At Notre Dame, Baer served as president of the campus Student-Athlete Advisory Committee, an organization at every NCAA school and conference that allows student-athletes to help shape the landscape of intercollegiate athletics on campus and through a national governance structure. Baer pushed for changes to Notre Dame’s resources for student-athlete mental health and helped to bring a sports psychologist to campus. The university also started promoting its mental health resources on social media, made guided meditations available and sent weekly newsletters.

Constructive criticism and hard work helped Baer excel on the volleyball court. She still sees such feedback as among the keys to success.

During her senior year, Baer helped organize a town hall on student-athlete mental health where speakers shared their stories on topics like bipolar disorder, grief and performance anxiety. Baer is proud of the dialogue she helped create.

“Probably 70 to 80 athletes came,” she said, “and there was just a wave over the room of people being able to talk about anything that just set the precedent, that if we can talk about that in this room, I can share my thing too.”

Part of what left such an impression on Baer was the relationship she developed with her head coach, Mike Johnson. As part of her engagement with SAAC, Baer hoped to bolster coaching education to help spot signs of mental and emotional distress among student-athletes. As a student-athlete, Baer faced her own mental health struggles, but a turning point arrived when she had an honest conversation with her coach after she stated that she needed a coaching style to adapt to her mental health needs. The pair had a breakthrough after he told her, “You’ve earned the right to ask me to be who you need me to be. I don’t think you’re taking an easy road out here. I think you’re being courageous. And yes, I can do that for you.”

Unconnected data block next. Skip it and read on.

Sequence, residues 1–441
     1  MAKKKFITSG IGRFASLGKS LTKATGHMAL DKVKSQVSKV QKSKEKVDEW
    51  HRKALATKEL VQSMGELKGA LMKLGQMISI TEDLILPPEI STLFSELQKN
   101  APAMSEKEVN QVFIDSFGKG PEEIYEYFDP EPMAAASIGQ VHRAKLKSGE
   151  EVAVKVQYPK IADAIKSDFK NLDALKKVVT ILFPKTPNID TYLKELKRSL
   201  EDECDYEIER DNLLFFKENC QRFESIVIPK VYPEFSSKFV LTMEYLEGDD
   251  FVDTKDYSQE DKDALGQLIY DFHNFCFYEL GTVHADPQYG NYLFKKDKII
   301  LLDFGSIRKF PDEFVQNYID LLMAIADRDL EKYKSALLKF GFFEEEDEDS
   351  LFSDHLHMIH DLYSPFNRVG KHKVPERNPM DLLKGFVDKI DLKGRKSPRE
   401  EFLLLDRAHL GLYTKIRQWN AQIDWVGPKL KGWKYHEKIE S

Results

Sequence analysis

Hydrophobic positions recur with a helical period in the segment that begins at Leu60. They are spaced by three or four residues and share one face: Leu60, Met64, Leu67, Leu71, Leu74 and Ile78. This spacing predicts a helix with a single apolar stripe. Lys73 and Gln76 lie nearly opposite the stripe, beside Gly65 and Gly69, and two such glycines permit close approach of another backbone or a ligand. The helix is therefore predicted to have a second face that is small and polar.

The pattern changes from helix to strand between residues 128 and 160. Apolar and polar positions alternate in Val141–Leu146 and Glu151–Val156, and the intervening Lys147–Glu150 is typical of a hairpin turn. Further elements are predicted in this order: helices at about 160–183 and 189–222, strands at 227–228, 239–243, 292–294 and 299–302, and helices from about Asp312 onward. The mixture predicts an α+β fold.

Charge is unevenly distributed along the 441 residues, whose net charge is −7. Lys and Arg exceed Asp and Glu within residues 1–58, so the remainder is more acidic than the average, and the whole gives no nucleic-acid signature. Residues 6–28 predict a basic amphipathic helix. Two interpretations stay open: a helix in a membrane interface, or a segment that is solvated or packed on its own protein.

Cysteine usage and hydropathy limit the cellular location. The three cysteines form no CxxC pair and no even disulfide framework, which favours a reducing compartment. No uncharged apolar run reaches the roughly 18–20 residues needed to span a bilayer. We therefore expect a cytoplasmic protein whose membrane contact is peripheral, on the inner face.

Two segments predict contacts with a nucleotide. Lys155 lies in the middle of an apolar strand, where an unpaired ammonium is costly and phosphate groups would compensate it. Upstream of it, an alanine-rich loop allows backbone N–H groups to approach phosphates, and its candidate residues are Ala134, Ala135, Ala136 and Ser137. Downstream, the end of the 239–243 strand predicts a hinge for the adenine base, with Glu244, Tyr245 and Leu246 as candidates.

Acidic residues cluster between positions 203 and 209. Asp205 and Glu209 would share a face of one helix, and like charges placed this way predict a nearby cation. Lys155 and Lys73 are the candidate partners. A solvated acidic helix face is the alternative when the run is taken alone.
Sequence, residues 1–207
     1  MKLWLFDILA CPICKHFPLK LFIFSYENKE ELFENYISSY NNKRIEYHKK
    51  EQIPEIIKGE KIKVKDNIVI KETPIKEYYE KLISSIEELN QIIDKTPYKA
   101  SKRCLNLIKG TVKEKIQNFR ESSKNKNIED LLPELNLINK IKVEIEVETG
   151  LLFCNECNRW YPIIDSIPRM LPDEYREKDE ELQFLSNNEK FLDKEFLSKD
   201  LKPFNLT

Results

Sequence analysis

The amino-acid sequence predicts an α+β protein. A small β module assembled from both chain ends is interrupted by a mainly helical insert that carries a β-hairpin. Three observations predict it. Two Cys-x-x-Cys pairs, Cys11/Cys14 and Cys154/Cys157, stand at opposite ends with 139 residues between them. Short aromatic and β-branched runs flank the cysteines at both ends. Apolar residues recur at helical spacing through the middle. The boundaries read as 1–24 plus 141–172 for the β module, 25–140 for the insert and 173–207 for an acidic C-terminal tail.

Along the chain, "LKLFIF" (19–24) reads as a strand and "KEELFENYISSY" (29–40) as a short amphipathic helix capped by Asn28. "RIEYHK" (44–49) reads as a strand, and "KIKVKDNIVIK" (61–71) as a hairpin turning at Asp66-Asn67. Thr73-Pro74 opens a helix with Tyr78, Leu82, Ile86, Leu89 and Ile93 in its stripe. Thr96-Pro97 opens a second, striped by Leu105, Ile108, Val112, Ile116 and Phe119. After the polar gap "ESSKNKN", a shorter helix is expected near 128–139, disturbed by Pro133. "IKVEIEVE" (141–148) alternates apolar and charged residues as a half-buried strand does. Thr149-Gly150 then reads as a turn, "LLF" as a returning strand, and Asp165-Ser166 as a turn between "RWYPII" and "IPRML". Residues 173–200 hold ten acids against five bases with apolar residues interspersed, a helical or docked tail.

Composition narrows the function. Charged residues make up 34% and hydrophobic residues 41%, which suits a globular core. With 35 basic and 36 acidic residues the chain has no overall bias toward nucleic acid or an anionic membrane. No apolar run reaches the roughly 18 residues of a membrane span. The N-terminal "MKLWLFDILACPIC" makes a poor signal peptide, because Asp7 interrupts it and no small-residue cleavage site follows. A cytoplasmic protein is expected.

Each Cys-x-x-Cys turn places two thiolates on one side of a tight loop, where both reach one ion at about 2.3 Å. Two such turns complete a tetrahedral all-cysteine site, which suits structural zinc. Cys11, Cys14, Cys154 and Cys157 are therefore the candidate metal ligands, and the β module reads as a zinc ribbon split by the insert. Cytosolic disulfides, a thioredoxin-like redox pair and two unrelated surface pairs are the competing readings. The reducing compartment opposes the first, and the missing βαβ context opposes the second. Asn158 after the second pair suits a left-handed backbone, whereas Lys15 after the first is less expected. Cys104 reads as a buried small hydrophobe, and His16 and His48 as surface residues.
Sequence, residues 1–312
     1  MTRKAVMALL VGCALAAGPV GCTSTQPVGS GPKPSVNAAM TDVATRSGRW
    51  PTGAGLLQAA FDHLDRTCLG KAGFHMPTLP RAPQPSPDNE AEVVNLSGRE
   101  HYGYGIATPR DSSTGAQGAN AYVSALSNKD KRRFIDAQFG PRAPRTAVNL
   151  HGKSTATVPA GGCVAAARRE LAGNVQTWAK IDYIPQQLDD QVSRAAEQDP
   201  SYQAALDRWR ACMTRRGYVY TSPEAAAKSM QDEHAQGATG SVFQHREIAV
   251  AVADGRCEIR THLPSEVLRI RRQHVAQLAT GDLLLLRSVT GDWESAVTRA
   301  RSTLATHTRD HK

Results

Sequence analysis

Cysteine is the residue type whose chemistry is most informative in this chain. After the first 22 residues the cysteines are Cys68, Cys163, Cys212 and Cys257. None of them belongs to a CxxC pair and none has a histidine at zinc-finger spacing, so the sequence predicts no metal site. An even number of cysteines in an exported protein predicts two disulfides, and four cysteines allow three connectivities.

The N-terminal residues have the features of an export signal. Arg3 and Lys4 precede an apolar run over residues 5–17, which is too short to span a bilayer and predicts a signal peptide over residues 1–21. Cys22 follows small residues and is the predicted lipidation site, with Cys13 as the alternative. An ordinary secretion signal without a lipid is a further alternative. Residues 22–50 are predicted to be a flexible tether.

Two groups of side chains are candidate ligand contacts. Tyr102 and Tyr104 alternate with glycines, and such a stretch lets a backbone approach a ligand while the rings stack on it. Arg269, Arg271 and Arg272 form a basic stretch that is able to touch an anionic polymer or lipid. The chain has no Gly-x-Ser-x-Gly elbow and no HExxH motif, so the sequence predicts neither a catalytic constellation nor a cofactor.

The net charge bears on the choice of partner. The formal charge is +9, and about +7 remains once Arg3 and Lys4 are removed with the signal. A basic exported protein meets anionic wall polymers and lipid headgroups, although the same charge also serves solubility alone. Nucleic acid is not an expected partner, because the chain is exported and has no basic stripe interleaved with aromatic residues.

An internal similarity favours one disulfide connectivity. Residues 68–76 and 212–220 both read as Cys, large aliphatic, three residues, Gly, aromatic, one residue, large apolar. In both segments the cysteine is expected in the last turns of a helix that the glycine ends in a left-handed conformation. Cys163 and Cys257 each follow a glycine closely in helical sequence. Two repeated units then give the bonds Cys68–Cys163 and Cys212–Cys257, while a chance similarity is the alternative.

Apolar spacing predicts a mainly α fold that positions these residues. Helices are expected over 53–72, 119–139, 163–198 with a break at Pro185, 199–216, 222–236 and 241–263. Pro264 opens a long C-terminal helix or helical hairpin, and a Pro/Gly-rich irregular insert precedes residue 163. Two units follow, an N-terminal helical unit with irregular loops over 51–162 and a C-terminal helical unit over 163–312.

She’s been able to carry forward wisdom from her playing career into her working life, as well.

“Our coach would always say confidence comes from your level of preparation,” Baer said. “If you’ve prepared, stop being nervous, be confident. And if you can’t shake that, you need to prepare differently so you can be confident.”

She encourages all student-athletes to believe in themselves and the skills gained from their unique student-athlete experiences.

“You know how to manage your time. And you know how to be a student, how to learn. Learning how to learn is a huge part of athletics,” she said.

Baer served on a steering committee led by Notre Dame Athletics Director Jack Swarbrick, where she worked with others to shape university policies and objectives. She noted that student-athlete input helped make mental health one of Swarbrick’s key focus areas, adding, “That’s where I've seen a lot of growth that came very much from the students demanding it.”

Baer understood the unconventional path she forged at Notre Dame, remarking that her journey from walk-on to campus leader helped her relate to each of her teammates. As she’s transitioned to the working world, Baer recalled one of the last conversations she had with her head coach in the last week of her senior season. Johnson reminded her, “You won’t remember the wins and the losses. You know, this point, this practice, you’re gonna remember the things the sport taught you.”